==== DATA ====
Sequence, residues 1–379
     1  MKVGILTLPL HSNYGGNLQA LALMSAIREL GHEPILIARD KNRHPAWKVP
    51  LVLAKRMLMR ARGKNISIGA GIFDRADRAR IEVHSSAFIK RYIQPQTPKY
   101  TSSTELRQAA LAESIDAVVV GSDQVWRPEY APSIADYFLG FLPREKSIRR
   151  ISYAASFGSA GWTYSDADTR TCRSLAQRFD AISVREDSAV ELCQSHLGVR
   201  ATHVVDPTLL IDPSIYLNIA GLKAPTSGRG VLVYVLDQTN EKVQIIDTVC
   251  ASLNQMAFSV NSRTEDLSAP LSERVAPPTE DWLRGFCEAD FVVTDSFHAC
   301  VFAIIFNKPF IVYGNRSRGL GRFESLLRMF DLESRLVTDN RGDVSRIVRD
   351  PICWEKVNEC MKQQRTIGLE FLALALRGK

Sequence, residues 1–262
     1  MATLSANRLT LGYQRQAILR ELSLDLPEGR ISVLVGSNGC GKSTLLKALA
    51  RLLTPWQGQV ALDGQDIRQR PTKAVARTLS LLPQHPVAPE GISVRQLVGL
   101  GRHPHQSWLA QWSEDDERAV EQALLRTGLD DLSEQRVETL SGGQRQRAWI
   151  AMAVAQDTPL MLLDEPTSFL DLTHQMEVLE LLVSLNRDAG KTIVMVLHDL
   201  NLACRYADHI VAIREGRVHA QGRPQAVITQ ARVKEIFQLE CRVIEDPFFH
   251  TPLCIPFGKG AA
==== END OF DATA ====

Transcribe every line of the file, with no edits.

Sequence, residues 1–379
     1  MKVGILTLPL HSNYGGNLQA LALMSAIREL GHEPILIARD KNRHPAWKVP
    51  LVLAKRMLMR ARGKNISIGA GIFDRADRAR IEVHSSAFIK RYIQPQTPKY
   101  TSSTELRQAA LAESIDAVVV GSDQVWRPEY APSIADYFLG FLPREKSIRR
   151  ISYAASFGSA GWTYSDADTR TCRSLAQRFD AISVREDSAV ELCQSHLGVR
   201  ATHVVDPTLL IDPSIYLNIA GLKAPTSGRG VLVYVLDQTN EKVQIIDTVC
   251  ASLNQMAFSV NSRTEDLSAP LSERVAPPTE DWLRGFCEAD FVVTDSFHAC
   301  VFAIIFNKPF IVYGNRSRGL GRFESLLRMF DLESRLVTDN RGDVSRIVRD
   351  PICWEKVNEC MKQQRTIGLE FLALALRGK

Sequence, residues 1–262
     1  MATLSANRLT LGYQRQAILR ELSLDLPEGR ISVLVGSNGC GKSTLLKALA
    51  RLLTPWQGQV ALDGQDIRQR PTKAVARTLS LLPQHPVAPE GISVRQLVGL
   101  GRHPHQSWLA QWSEDDERAV EQALLRTGLD DLSEQRVETL SGGQRQRAWI
   151  AMAVAQDTPL MLLDEPTSFL DLTHQMEVLE LLVSLNRDAG KTIVMVLHDL
   201  NLACRYADHI VAIREGRVHA QGRPQAVITQ ARVKEIFQLE CRVIEDPFFH
   251  TPLCIPFGKG AA